While lunching with friends, I told the restaurant owner to make the food non spicy as our guests were from Mauritius. He got so excited and said that in his young days, the 'Deos' used to come from Mauritius in the night. The consignment came in suitcases and all the boys were crazy about them. Our guests asked them politely what he meant by Deo. Deo is the colloquial term for deodorants. The restaurant owner was happy as Mauritius brought back so many memories of his youth.
For thousands of years I did not know the difference between a deodorants, perfumes or an After shave. We did not get International foreign perfumes in India. We, in Dhanbad, called the perfume as "Scent" . It was always referred to as 'Scent ka bottle' . Relatives and friends going abroad would bring "scent bottles' for us. It was one per family. I did not know male and female perfumes. In some cases, the entire family splashed themselves with the same 'scent'. Old Spice with its red bottle was the hep most perfume bottle I had seen. Actually it was an after shave lotion. It was like an astringent. One used it for cuts we got from playing outdoors. I remember my Aunt applying it for me when I had a fall in the bathroom. Me and my cousin had put soap on the bathroom floor and we were sliding with the shower on. One unrestrained slide had a bit of the white bathroom tile on my knee. Old Spice really used to sting and that is how I remember it.
This craze for foreign perfumes was big for all of us in our growing up years. Feminine perfumes were supposed to smell of Rose or Vanilla. I remember having a perfume called Tea Rose and using it for some time. Once it was a fake one and it had a weird stink. I think that is when I learnt to differentiate between real and fake perfumes. Though even now, I don't distinguish between real and fake people that well. In Calcutta of our days, there was an entire market selling imported goods like Tiger Balm, Face masks, perfumes, Shampoos and tape recorders and electronic watches. Nepal was the only foreign country I had been to. Nepal was a haven for foreign goods. Whoever visited Nepal used to come back with so much of the foreign stuff. We called it ' Imported'. It meant it was manufactured abroad . It was actually not 'imported' but smuggled into India. We all had a big craze of 'imported goods'. When I came to Mumbai, lot of hostel girls' parents worked for Air India and had so much Imported stuff. Then the girls from South east Asia had some amazing beauty products which I had never seen like a lip balm and a foot cream. I definitely felt like a 'have not' when I saw those things. No, I did not take up arms or pelt stones at anyone to remove my annoyance or aggression.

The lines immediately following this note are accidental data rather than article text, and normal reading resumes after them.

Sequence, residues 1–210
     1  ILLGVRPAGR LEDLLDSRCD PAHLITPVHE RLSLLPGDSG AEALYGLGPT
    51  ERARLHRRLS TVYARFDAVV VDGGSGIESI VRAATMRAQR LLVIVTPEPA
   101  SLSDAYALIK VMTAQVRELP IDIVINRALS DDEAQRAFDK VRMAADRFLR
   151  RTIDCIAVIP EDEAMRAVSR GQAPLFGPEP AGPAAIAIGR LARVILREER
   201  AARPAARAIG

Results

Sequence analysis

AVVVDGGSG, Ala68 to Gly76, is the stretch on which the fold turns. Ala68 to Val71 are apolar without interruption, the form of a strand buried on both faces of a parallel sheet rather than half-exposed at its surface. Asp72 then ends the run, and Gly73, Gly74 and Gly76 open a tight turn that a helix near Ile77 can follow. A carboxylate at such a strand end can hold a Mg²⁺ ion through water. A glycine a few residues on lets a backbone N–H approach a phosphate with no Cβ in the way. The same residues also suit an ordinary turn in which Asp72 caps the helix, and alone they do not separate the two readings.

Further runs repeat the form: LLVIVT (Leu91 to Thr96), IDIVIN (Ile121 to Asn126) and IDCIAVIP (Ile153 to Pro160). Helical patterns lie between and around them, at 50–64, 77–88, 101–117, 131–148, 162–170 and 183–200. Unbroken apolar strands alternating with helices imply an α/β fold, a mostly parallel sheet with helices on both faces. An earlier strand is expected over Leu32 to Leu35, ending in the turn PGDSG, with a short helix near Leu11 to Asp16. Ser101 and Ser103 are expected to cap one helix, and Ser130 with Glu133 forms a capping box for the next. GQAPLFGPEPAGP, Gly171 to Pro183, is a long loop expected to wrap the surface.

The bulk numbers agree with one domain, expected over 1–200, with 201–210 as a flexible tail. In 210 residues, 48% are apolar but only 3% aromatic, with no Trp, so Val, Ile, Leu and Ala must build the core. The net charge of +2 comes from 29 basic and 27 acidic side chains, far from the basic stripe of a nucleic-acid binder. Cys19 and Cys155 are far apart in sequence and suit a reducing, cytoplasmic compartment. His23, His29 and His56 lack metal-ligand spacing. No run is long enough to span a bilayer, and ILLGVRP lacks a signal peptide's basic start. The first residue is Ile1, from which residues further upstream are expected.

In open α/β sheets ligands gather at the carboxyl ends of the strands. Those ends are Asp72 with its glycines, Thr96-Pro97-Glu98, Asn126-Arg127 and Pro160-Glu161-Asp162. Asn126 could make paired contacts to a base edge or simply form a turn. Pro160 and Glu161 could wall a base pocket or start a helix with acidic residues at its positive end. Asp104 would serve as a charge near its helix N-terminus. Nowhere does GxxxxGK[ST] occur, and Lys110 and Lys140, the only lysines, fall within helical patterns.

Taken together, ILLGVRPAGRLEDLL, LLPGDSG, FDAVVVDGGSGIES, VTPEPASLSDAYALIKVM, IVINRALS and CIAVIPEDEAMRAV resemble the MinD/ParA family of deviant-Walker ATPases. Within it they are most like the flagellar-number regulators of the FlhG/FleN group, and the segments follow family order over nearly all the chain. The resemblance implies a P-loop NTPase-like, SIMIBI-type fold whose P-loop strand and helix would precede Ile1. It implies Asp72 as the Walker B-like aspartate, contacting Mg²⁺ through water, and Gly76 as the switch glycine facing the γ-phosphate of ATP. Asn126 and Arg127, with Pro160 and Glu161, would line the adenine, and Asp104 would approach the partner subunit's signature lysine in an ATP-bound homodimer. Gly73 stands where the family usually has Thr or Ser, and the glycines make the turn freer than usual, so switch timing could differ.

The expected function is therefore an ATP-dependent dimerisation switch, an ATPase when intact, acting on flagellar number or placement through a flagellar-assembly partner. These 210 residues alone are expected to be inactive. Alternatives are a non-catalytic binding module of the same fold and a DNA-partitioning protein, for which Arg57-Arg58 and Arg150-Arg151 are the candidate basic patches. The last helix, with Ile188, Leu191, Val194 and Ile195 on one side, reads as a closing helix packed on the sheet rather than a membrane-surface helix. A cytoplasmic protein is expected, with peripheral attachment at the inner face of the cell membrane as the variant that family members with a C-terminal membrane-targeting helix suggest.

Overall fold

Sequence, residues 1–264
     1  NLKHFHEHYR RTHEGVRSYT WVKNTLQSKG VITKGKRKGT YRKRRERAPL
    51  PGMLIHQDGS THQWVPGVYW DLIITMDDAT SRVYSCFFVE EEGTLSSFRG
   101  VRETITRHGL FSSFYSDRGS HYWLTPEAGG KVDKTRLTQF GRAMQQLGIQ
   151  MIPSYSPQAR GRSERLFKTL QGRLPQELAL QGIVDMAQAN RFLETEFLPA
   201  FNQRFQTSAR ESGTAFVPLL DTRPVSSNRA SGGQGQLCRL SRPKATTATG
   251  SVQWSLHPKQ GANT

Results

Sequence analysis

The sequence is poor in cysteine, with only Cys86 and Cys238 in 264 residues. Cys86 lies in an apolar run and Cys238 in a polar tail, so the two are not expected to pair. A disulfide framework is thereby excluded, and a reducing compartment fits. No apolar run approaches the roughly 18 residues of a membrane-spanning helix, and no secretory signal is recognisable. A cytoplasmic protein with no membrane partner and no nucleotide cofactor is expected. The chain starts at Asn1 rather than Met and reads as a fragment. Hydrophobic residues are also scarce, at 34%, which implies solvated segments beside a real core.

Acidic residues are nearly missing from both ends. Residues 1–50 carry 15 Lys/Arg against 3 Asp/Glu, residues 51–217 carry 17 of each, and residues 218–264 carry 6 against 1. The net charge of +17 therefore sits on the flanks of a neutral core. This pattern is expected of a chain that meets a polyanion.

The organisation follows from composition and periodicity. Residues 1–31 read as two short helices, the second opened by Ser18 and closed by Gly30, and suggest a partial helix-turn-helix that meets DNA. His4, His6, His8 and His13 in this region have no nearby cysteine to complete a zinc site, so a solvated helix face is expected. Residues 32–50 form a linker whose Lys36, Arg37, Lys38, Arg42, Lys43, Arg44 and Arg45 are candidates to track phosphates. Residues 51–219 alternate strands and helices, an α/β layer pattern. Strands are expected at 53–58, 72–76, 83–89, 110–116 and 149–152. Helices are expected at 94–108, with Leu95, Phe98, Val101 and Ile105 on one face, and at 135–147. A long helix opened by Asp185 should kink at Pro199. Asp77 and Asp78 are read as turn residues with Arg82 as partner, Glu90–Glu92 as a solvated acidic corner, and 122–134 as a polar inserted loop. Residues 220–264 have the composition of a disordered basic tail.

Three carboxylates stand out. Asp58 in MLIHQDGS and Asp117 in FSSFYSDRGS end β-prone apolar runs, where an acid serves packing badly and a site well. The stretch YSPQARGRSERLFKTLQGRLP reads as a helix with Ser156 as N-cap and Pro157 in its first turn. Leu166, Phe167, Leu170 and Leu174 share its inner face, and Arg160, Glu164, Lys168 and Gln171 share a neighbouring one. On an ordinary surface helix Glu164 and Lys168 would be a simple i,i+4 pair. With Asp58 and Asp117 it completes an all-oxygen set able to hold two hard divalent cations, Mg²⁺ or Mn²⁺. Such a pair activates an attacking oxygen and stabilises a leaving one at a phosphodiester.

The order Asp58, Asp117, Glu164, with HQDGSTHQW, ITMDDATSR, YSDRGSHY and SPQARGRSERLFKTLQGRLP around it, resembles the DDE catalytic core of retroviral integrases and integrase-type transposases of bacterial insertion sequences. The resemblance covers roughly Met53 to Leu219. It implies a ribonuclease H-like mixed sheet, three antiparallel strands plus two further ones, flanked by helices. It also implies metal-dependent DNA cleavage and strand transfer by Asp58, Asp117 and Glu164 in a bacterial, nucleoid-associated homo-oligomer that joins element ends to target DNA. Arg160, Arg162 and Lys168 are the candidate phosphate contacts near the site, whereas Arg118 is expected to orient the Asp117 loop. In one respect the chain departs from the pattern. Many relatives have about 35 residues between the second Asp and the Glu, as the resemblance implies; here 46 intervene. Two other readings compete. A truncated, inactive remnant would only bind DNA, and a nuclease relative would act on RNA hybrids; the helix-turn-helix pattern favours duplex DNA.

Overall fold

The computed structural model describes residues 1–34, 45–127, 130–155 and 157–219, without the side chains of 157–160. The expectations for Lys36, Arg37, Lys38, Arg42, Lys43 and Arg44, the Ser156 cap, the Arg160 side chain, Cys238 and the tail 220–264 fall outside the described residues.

In Jharia, there used to be an Uncle from Calcutta, who used to come with a black briefcase. He would show the perfume bottles to us. All brand names were pronounced in a strictly Gujju way. Who knew French in Dhanbad in those days? If the Uncle visited you first after getting off the railway station, you were lucky as you could see a larger stock of perfumes. They all talked about 'Customs' and said this 'Maal' has come last night. Customs was some authority figure is how my young mind comprehended it. Then they talked of Port and Docks. I know our first TV was a Sony and it had come and was picked up straight from the docks. I shudder to think of the line of corruption in getting all that. The Sony TV was said in one breath. As if Sony was TV and TV was Sony. People talked of watching Chhaya Geet on their Sony TV. If someone praised the colours on our Sony TV, I would feel really proud. As proud as I would feel if they called me fair. But alas, no one ever called me fair. I have heard relatives and friends telling my Mother, 'Hai Hai, Nalini, you and Bharat are so fair! The unsaid was what hurt.